Things quickly take a turn for the worse when you learn that the crew and androids aboard the Sevastopol remote space station have been corrupted, and a terrifying Xenomorph has climbed aboard.

Just like in Subnautica, you must use available resources to create traps and tools to level the chances; however, at times, running and hiding until it’s safe remains the most suitable choice.

Best described as Subnautica in outer space, Breathedge takes a comedic approach to storytelling while still offering a challenging survival crafting experience.

You play as a simple guy called “the Man” who’s on his way to a galactic funeral with his grandfather’s ashes when he’s suddenly plunged into a universal conspiracy aboard an enormous space frigate.

To survive, he’ll have to navigate the frigate’s debris and scavenge for valuable resources and blueprints to craft new life-saving equipment.

Like Subnautica, a lot of the game is spent monitoring your oxygen levels as you search through abandoned ruins and ship-wreckage in search of materials.

No Man’s Sky is another space-faring survival game that drops you in a massive sandbox infinitely larger than Subnautica’s underwater open-world.

Gameplay revolves around exploring different planets with unique ecosystems and resources that can aid you in your mission to get to the center of the galaxy.

Like Subnautica, the game features a base-building component as well as several vehicles to make navigating expansive planets a lot easier.

Additionally, it’s a lot less structured and more open-ended, allowing you to focus on the activities you enjoy most, whether that’s exploration, base-building, trading, etc.

If you appreciate the crafting aspects of Subnautica’s gameplay most, then you’ll fall in love with Satisfactory’s extensive upgrade tree that sees you constructing the ultimate factory.

In it, you take on the role of a Ficsit worker assigned to harvest an alien planet’s natural resources and use them to research new technologies.

Doing so allows you to craft new gear ranging from weapons, gadgets, and tools to jetpacks, cargo vehicles, trains, and everything in between.

It’s not as focused on combat and survival, instead emphasizing automation and organization as you try to build the most efficient and aesthetically pleasing production facilities you can dream of.

Considering how many of the creatures in Subnautica look like they could have come from the Jurassic era, fans should have no problem taking on dinosaurs in Ark: Survival Evolved.

In it, you explore an expansive sandbox world dominated by futuristic technology and dinosaurs that can be hunted and tamed as pets, providing you with transportation, extra storage, and protection.

There are also various resources to gather, such as wood and stone, that allow you to build simple huts before moving on to more advanced materials.

Like Subnautica, Ark’s world is filled with numerous threats, including several aquatic behemoths such as giant megalodon sharks, anglerfish, and manta rays.

Green Hell is a first-person open-world survival crafting game that sees you navigating a nightmarish Amazonian rainforest ripe with danger and horror.

Instead of combating aggressive sea life, you’ll have to deal with the rainforest’s native tribes, who aren’t too keen on welcoming outsiders.

The only way to survive is to craft weapons and construct a shelter from the surrounding resources while hunting for your next meal.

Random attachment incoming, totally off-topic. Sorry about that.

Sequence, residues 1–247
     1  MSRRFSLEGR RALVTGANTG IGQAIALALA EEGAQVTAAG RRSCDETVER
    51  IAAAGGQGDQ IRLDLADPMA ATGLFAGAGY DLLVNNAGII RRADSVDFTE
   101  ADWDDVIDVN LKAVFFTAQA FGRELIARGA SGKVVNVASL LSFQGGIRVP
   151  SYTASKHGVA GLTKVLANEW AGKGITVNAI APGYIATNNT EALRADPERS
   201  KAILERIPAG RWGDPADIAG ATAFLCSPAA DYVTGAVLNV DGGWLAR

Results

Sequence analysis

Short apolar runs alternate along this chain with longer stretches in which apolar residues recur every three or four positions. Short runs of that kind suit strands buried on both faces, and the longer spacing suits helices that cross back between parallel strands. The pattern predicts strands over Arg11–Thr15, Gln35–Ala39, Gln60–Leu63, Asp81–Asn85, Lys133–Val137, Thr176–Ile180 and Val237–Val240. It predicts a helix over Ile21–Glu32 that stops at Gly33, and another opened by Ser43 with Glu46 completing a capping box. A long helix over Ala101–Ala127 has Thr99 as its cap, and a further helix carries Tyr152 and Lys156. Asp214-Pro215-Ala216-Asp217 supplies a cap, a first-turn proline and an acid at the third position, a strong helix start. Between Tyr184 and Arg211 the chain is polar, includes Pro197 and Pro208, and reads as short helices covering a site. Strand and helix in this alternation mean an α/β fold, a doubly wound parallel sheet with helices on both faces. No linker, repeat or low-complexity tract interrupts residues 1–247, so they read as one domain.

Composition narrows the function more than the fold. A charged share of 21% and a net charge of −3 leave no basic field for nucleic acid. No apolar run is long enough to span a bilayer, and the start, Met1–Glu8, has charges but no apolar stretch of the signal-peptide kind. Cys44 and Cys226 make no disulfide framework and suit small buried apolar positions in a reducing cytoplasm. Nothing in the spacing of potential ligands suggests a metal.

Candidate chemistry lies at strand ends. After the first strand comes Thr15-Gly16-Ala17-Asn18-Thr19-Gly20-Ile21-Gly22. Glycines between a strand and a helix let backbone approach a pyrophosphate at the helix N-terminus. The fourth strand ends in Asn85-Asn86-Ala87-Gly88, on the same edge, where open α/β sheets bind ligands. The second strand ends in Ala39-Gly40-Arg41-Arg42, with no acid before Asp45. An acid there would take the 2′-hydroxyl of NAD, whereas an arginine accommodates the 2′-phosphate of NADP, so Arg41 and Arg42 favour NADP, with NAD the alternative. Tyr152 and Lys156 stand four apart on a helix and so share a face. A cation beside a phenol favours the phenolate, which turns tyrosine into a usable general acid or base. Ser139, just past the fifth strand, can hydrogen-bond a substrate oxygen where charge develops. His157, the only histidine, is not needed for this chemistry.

Like Subnautica, Green Hell encourages curiosity and risk-taking by rewarding you with extra materials, upgrades, and lore for exploring new areas.

The Forest is another open-world survival game that takes place on a remote island filled with an assortment of horrors, namely hideous cannibalistic mutants.

You play as a father whose son is kidnapped after their plane crash-lands and must overcome every obstacle or challenge the island throws his way.

This includes building shelter, crafting makeshift tools, and arming yourself with weapons to ward off potential threats as you search for your son.

Similar to games like Subnautica, The Forest features a flexible building system that lets you construct bases wherever and however you want along with a trail of narrative breadcrumbs to follow.

After managing to survive in Subnautica’s unforgiving ocean, why not put your skills to the ultimate test and try to endure Rust’s hellish open world.

Billed as a hardcore online survival sandbox, the game has you spawning into its world as a vulnerable “naked,” with nothing but a single rock to your name.

Armed with this simple tool and your wits, you’ll have to scavenge for supplies, kill wild animals for food and clothing, and construct shelter away from prying eyes.

This is all while monitoring your character’s hunger, thirst, and body temperature, as well as establishing alliances with friendly players and avoiding aggressive ones until you’re properly armed.

Astroneer is an open-world sandbox game set in a cute and vibrant alien setting where oxygen is hard to come by and natural resources are aplenty.

What sets it apart from other games in the genre is its Terrain Tool, which lets you bend environments to your will by terraforming any natural surface while harvesting any nearby resources.

Similar to Subnautica, the game features a unique crafting system that relies on creating networks of stations, vehicles, and tethered oxygen sources to keep you alive as you explore.

While there’s no combat to speak of, traversing Astroneer’s procedurally generated worlds and their numerous hazards is a challenge in itself. 

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Justin Fernandez

As a fan of both indie and triple-A games, Justin finds joy in discovering and sharing hidden gems with other passionate gamers. In addition to reporting on the latest and greatest titles, he manages GamingScan’s social media channels.